CC Capsule: 2002 Fiat Multipla – Muffin Top

I don’t know what it was like before the Edsel came out. Nor did I witness the launch of the Citroën Ami 6, the Austin Allegro or the VW 411/412. Those all came out before I did, so they were just a fact of life, a questionable piece of automotive history that could not be helped. But I do remember how prettier the world was before the Fiat Multipla.

It seemed to have emerged, one dark day late in 1997, from the depths of the Mediterranean Sea and landed with a big flop on the European market. The well-known Japanese affinity for all things fishy must have played a part in this one’s presence in Tokyo. It’s not the first one I’ve found there…

What the hell was going on at Fiat Centro Stile in the last years of the 20th Century? The Italian giant had done a complete 180 from the overly conservative-looking (if not downright boring) products that were its mainstay in the ‘80s and early ‘90s to going full oddball with the edgy Coupé, the sexy Barchetta, the blobby Marea and the WTF-happened MPV we have here.

The Multipla borrowed its name from Fiat’s distant rear-engined past, but the vehicle was decidedly unlike its historic namesake. Based on the Bravo platform, the new Multipla was a mid-sized minivan (the large one was the Ulysse, shared with PSA), packing a 102hp 1.6 litre driving the front wheels, soon accompanied by a 1.9 litre Diesel. The only transmission on offer was a 5-speed manual.

So if you could get past its far-left field looks, the oily bits underneath were all quite middle of the road. Space utilization was also a strong point: Fiat aimed to make a genuine six-seater, reintroducing Europeans to front three-abreast seating – something not really seen there on non-commercial vehicles since the days of the Matra Murena.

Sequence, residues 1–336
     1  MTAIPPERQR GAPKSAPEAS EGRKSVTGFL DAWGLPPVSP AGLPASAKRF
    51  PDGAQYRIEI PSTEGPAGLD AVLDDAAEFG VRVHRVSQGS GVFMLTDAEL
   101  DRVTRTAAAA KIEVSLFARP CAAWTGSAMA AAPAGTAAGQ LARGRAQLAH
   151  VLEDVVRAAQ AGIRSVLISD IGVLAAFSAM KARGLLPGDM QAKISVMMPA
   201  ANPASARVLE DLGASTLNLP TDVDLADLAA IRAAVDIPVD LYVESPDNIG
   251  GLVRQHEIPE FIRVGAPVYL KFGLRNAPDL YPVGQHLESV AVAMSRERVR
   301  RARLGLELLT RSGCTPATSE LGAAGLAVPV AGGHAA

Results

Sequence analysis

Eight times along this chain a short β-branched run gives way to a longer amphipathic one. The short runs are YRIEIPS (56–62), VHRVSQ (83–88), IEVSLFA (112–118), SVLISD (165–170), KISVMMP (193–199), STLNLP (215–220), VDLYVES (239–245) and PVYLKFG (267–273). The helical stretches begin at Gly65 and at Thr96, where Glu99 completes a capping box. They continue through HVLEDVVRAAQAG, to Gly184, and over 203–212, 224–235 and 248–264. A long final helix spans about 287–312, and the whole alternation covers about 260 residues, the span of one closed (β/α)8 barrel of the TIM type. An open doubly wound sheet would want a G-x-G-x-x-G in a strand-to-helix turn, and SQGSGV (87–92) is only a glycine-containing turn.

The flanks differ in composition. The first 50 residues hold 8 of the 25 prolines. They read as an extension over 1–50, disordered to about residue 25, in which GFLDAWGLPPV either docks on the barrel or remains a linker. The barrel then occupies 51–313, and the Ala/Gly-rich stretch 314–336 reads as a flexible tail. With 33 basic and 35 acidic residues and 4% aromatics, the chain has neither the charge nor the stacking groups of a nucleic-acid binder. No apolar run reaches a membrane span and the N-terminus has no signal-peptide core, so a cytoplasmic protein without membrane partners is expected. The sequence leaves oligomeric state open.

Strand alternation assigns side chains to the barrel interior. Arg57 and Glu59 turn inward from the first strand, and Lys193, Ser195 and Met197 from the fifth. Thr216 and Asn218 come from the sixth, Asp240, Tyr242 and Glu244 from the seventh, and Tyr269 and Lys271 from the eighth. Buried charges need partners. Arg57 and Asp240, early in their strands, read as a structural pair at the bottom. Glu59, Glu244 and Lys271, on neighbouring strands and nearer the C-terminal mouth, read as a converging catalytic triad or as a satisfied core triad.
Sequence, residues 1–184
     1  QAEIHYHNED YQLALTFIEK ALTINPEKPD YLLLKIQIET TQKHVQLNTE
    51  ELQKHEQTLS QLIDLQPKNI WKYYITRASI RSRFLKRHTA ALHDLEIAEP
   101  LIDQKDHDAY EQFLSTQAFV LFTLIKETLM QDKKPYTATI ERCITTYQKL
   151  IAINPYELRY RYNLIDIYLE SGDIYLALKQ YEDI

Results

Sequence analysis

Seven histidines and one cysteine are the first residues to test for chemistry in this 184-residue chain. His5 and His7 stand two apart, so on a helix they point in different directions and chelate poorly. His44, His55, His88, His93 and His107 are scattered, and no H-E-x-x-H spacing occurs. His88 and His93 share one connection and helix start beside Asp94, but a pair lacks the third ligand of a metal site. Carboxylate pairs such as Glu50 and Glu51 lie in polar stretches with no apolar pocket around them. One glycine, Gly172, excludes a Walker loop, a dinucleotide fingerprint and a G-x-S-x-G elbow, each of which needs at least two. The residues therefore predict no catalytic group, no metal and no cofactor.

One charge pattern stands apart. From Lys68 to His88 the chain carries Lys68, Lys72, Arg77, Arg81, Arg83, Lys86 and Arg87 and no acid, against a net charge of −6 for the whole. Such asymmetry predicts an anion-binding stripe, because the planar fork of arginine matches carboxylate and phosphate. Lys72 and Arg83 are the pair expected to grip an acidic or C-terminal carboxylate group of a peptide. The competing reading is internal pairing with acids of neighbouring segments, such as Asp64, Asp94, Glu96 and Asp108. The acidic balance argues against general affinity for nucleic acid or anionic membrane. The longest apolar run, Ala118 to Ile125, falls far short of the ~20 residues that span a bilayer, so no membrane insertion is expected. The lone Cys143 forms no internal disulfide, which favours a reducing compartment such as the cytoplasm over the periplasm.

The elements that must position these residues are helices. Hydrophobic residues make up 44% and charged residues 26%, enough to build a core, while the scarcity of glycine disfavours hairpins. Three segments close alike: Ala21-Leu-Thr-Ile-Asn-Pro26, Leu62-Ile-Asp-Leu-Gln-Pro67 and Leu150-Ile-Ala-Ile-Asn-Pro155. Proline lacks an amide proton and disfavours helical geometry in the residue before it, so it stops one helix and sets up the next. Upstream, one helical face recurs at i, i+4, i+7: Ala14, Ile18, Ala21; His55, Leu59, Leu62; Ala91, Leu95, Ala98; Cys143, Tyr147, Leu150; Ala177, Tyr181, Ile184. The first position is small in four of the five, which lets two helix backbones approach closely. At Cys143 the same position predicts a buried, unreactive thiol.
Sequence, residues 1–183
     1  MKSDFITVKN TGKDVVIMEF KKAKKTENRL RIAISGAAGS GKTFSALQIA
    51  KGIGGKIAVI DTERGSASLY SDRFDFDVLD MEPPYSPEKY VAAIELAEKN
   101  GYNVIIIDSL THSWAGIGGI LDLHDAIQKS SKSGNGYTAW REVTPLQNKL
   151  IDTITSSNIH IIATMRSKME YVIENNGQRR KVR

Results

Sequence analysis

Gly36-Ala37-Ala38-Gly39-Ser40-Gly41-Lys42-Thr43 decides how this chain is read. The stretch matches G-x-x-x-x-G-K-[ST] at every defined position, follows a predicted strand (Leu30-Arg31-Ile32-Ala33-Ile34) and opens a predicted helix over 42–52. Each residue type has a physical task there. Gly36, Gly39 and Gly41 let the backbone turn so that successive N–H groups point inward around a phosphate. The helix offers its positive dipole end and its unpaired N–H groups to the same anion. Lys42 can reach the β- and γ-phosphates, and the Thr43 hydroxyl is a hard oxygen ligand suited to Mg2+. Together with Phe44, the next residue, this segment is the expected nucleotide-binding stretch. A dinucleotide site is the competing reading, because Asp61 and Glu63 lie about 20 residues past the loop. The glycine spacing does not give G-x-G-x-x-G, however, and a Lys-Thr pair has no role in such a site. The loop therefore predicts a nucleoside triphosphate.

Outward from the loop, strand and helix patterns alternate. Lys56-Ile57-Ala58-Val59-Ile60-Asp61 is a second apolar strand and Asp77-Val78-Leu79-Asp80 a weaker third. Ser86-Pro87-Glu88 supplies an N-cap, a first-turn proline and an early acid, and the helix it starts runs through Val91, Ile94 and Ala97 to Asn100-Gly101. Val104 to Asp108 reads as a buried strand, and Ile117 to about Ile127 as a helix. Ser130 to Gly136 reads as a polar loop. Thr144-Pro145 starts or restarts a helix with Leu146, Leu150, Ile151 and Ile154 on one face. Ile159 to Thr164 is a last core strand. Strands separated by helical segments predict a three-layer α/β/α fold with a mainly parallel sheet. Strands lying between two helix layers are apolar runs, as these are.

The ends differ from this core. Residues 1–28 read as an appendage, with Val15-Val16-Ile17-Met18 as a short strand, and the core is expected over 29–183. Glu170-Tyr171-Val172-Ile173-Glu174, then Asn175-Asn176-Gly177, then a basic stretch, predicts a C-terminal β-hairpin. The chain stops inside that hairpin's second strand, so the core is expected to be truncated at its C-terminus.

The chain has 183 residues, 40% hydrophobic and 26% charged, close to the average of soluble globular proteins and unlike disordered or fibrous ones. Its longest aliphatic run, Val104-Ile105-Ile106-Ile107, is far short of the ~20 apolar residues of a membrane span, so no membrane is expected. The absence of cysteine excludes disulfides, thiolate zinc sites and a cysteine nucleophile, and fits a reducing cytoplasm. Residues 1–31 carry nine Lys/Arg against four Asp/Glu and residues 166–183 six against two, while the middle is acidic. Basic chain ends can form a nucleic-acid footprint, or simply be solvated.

But then Fiat went all weird again with the dash. It’s less egregiously bizarre than the external design, but it still gives out Nautilus-on-acid vibes.

People either loved it or hated it. A large majority were in the latter camp, unfortunately for Fiat, and the car sold poorly outside of its home market. Between January 1998 and early 2004, Fiat sold just over 120,000 Multiplas – not a very impressive total. It was really down to the looks and nothing else: everyone who rode in one knew its exceptionally airy cabin and competent drivetrain made for a top-notch MPV.

In early 2004, the Multipla was given a thorough makeover. The highly distinctive bulge under the windshield, with that random extra pair of headlights, went away, as did the front end’s roly-poly styling and the quirky taillights. The overall shape remained, but the Multipla was definitely “rectified” to something more orthodox. Losing the love handles was the right move: the restyled Multipla broke the 200,000 unit barrier. Production stopped in 2010 in Italy, but carried on until 2013 in China.

Does this go to show that weird doesn’t sell? Well, let’s go ask the Pontiac Aztek, the Leyland P76 or the Ssangyong Rodius. I know, you’ll say “But the Citroën Visa sold pretty well and millions of Datsun-badged little nightmares were made throughout the ‘70s and let’s not forget about the AMC Gremlin…” Yes, yes, yes. And it’s also true that Mitsuoka are thriving. Still, Fiat moved the cursor a little too far into rotund oddity for the image-conscious naughties to accept the Multipla in its original form.